Academic Impacts on Family Physicians

Rural Physicians Entering Academic Family Medicine (25% of faculty have been rural physicians in 1995 survey of family practice programs)

 

As a rural physician (10 years in a town of 4500) who invaded the city for  12 years as a teacher after rural practice, I have to say that I did not enjoy the patient care rendered even by my family physician colleagues in the residency program I was in. I found my colleagues wonderful people, good friends, talented in research, administratively sound, but who lacked

patient care and practice management experience. I am back in rural practice but still teaching.

 

As the program director of the urban academic residency for 3 years between 1991-94,(large program, 42 residents), I felt that my faculty colleagues resisted change and protected their academic and administrative time at the expense of the family practice values they were supposed to be role modeling. While at the University Residency program, I found the values of family practice largely eroded. I felt like a lone ranger on faculty. Approximately 90% of the 30 or so faculty there had had very minimal (2 years or less of negative experience, most of them none) private sector experience. It was often said to me that I didn't realize the differences between a teaching environment and the private sector as I tried to uphold such things as continuity of patient care, office efficiency, and working in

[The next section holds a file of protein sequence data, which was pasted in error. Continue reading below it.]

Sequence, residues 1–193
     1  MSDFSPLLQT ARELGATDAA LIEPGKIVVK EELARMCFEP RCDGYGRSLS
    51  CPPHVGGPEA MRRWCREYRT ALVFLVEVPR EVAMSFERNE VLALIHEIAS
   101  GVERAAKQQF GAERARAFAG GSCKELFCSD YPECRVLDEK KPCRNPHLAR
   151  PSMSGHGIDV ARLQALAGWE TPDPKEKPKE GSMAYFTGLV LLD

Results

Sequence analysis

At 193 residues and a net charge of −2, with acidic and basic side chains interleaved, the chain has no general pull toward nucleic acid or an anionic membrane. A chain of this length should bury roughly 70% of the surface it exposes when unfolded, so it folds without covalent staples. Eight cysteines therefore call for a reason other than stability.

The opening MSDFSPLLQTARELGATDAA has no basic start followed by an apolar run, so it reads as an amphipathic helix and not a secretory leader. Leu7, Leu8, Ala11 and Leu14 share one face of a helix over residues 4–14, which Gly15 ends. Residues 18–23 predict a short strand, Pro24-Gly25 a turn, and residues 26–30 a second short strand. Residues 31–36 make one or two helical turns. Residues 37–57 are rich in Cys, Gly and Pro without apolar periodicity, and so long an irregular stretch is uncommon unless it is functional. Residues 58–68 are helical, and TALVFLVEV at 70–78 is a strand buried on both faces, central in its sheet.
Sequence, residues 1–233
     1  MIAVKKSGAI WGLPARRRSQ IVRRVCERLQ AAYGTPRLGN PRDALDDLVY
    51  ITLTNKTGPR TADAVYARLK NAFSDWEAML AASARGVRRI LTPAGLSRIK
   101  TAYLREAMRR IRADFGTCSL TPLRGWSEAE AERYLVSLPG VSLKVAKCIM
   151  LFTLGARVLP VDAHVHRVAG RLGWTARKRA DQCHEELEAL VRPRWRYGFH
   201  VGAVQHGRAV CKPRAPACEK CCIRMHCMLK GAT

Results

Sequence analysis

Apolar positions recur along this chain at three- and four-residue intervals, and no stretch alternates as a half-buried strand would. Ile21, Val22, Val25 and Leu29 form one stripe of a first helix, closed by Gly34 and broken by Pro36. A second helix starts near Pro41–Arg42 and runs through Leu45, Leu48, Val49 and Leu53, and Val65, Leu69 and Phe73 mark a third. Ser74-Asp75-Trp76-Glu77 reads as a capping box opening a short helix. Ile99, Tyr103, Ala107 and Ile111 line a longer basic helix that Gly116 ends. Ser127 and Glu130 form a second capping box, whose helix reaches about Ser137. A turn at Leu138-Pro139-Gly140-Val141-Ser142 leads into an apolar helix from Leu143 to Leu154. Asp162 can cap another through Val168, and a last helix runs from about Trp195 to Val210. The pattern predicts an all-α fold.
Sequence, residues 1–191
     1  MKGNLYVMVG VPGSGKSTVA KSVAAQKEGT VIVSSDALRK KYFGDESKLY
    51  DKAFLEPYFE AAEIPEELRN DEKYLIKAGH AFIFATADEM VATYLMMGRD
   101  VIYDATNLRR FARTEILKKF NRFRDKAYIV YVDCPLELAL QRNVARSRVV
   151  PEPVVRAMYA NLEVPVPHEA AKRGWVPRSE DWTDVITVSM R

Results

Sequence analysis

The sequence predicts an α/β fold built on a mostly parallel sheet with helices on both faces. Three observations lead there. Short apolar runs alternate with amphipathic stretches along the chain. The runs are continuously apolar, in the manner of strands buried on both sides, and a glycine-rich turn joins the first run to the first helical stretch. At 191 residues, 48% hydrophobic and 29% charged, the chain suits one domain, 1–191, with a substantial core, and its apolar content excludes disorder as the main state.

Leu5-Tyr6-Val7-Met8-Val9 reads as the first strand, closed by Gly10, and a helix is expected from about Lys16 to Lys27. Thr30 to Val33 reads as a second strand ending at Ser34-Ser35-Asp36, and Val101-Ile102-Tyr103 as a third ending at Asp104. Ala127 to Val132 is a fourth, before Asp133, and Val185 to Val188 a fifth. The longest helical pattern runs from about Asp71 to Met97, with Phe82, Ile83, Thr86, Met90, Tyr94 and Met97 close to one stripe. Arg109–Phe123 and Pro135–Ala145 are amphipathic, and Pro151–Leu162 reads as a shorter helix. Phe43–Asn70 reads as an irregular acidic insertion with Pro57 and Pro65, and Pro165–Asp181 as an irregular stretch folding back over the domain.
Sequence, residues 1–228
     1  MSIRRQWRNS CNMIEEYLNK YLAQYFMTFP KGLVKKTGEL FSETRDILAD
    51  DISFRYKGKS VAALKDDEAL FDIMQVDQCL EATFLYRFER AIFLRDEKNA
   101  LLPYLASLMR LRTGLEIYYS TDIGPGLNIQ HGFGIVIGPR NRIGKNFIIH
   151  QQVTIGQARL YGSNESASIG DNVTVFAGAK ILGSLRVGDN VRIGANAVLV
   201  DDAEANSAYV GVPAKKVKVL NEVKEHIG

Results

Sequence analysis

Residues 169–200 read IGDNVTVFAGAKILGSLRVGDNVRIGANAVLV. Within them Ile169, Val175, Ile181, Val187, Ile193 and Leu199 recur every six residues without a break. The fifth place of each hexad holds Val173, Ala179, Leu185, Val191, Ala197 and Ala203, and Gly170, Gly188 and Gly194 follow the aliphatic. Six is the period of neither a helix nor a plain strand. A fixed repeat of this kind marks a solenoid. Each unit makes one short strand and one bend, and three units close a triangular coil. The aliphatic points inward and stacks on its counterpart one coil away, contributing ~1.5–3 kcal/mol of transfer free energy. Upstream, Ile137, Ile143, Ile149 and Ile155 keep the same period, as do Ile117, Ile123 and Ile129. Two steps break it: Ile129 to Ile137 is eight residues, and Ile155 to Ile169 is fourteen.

communities. I remember one faculty member adamantly differing with me in rounds because she did not believe that as a physician you could be friends with a patient and/or their family and socialize with them. She felt you needed to separate your professional and private life totally "for the good of the patient." It was a conflict of interest. I would find myself pretty lonely in Baraboo, Wisconsin here if I followed her advice.